Robert W. Healy

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Robert W. Healy
City Manager of Cambridge, Massachusetts
In office
1981–2013
Preceded by James Sullivan
Succeeded by Richard Rossi
Acting City Manager of Lowell, Massachusetts
In office
1974–1974
Preceded by James Sullivan
Succeeded by Paul J. Sheehy
Personal details
Born August 1943 (age 71)
Cambridge, Massachusetts
Residence Lowell, Massachusetts
Alma mater University of Massachusetts Amherst
Lowell State College

Robert W. Healy (born August 1943) is an American city manager who was the longest-serving city manager in the history of Cambridge, Massachusetts. He served from July 1, 1981 until June 30, 2013. Prior to assuming his current position, Healy initially served as acting city manager from July 1, 1981 to December 14, 1981. He also served as acting City Manager of Lowell, Massachusetts in 1974.

Early life[edit]

Healy was born in the North Cambridge neighborhood of Cambridge. During his youth his family moved to Billerica, Massachusetts. He attended the Catholic Keith Academy in Lowell and earned a bachelor's degree in English from University of Massachusetts Amherst in 1965. After graduating he taught English and coached football and hockey at Tewksbury Memorial High School. In 1969, Healy left teaching to become a probation officer at the Lowell District Court.[1]

Early government career[edit]

In 1970, Healy was hired by Lowell Mayor Richard P. Howe to run his city hall office. That same year he earned his master's degree in educational administration from Lowell State College. Later that year he was named assistant city manager by city manager James Sullivan. When Sullivan departed Lowell for Cambridge in 1974, Healy served as acting city manager for one month.[1] State Representative Paul Sheehy was chosen over Healy for the permanent job by the Lowell City Council after 53 ballots.[2] After being passed over, Healy followed Sullivan to Cambridge to be deputy city manager. After Sheehy was fired in 1975, Healy applied for the job again.[1] He was a finalist alongside William Taupier and Armand Mercier. Taupier was selected after sixteen ballots.[3]

Cambridge city manager[edit]

On May 18, 1981, Sullivan announced that he was resigning effective July 1 to become President of the Greater Boston Chamber of Commerce. Healy was Sullivan's preferred successor and on June 8 the city council voted 8 to 1 to name him acting city manager upon Sullivan's departure.[4][5] On December 14, 1981, Healy was named permanent manager.[6] Healy retired as City Manager on June 30, 2013.[7]

Criticism[edit]

In recent history, the media has highlighted the salary of the City Manager as being one of the highest in the State of Massachusetts.[8][9] The salary is higher than that of the Mayor of the City of Boston,[10][11] some opinion editorials claim his salary is double that of the Governor of Massachusetts,[12][13] or in some instances, almost that of the President of the United States.[14] In February 2011, City Councillor Leland Cheung pushed a policy order that would call for greater transparency in city council contracts for the Office of the City Manager's salary.[15]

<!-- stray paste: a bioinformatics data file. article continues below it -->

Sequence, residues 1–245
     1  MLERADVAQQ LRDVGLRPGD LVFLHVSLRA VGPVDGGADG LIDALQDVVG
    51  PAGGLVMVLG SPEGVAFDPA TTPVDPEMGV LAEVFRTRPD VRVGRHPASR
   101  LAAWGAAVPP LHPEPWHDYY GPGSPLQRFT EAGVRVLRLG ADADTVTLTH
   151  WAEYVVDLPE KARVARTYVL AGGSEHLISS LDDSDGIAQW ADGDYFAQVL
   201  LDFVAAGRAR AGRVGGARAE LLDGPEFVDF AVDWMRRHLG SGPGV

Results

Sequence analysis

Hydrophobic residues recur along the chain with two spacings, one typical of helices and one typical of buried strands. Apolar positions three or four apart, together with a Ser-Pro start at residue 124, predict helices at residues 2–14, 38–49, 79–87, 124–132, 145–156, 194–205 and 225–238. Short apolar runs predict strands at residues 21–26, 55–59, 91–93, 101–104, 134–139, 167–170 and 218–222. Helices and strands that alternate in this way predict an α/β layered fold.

Healy fought a controversial 13-year legal battle against charges of racial discrimination. In 1998, four city employees filed charges of racial discrimination. After two trials and repeated appeals, the City was found liable for retaliation, not discrimination, against one of the victims and was ordered to pay a $4.5 million judgment.[16] With interest and fees, Cambridge paid a total of $8.3 million in this case. shortly thereafter, Cambridge settled of the other discrimination cases, the terms of which were not revealed.[17]

References[edit]

  1. ^ a b c Lafleur, Michael (June 25, 2006). "In Cambridge, Healy stands test of time". The Sun. 
  2. ^ "Sheehy named Lowell manager on 53d ballot". The Boston Globe. May 1, 1974. 
  3. ^ "Holyoke's mayor gets Lowell job". The Boston Globe. October 15, 1975. 
  4. ^ Hirshson, Paul E (May 19, 1981). "Cambridge manager leaving for Hub job". Boston Globe. 
  5. ^ Hirshson, Paul (June 9, 1981). "Cambridge names Healy manager". The Boston Globe. 
  6. ^ "The City Clerks and City Managers of Cambridge". Retrieved December 23, 2013. 
  7. ^ Parker, Brock (28 June 2013). "After 32 years, Cambridge city manager's tenure nears end". Boston Globe. Retrieved 30 June 2013. 
  8. ^ Anon. (February 16, 2011). "Cambridge city manager’s pay shows lack of council oversight". The Boston Globe. Retrieved December 30, 2011. 
  9. ^ Walter V. Robinson; Jesse Nankin (February 9, 2011). "Even retired, Cambridge city manager would reap extraordinary rewards". Northeastern University. Watchdog New England. Retrieved December 30, 2011. 
  10. ^ Meyer, Fred (February 25, 2011). "Healy’s service worth the fat paycheck". The Boston Globe. Retrieved December 30, 2011. 
  11. ^ City of Cambridge (December 24, 2009). "Robert W. Healy Jr.’s most recent contract". City of Cambridge. Watchdog New England. Retrieved December 30, 2011. 
  12. ^ Thomas, Jen (September 2, 2010). "Cambridge city manager tops list of highest paid city workers". Wicked Local: Cambridge. Retrieved December 30, 2011. 
  13. ^ Ed-op (November 17, 2011). "A battle closer to home". The Baystate Banner. vol. 47, No. 15. Retrieved December 30, 2011. 
  14. ^ "Cambridge city manager's salary almost as much as Obama's pay". Wicked Local: Cambridge. August 11, 2011. Retrieved December 30, 2011. 
  15. ^ Levy, Marc (February 27, 2011). "Public should see city manager’s proposed pay, order says". Cambridge Day. Retrieved December 30, 2011. 
  16. ^ Irons, Meghan (20 August 2011). "Cambridge won't seek appeals in bias cases". Boston Globe. Retrieved 30 June 2013. 
  17. ^ Levy, Marc (13 October 2011). "First Monteiro, now final two civil rights law suits settled". Cambridge Day. Retrieved 30 Jun 2013.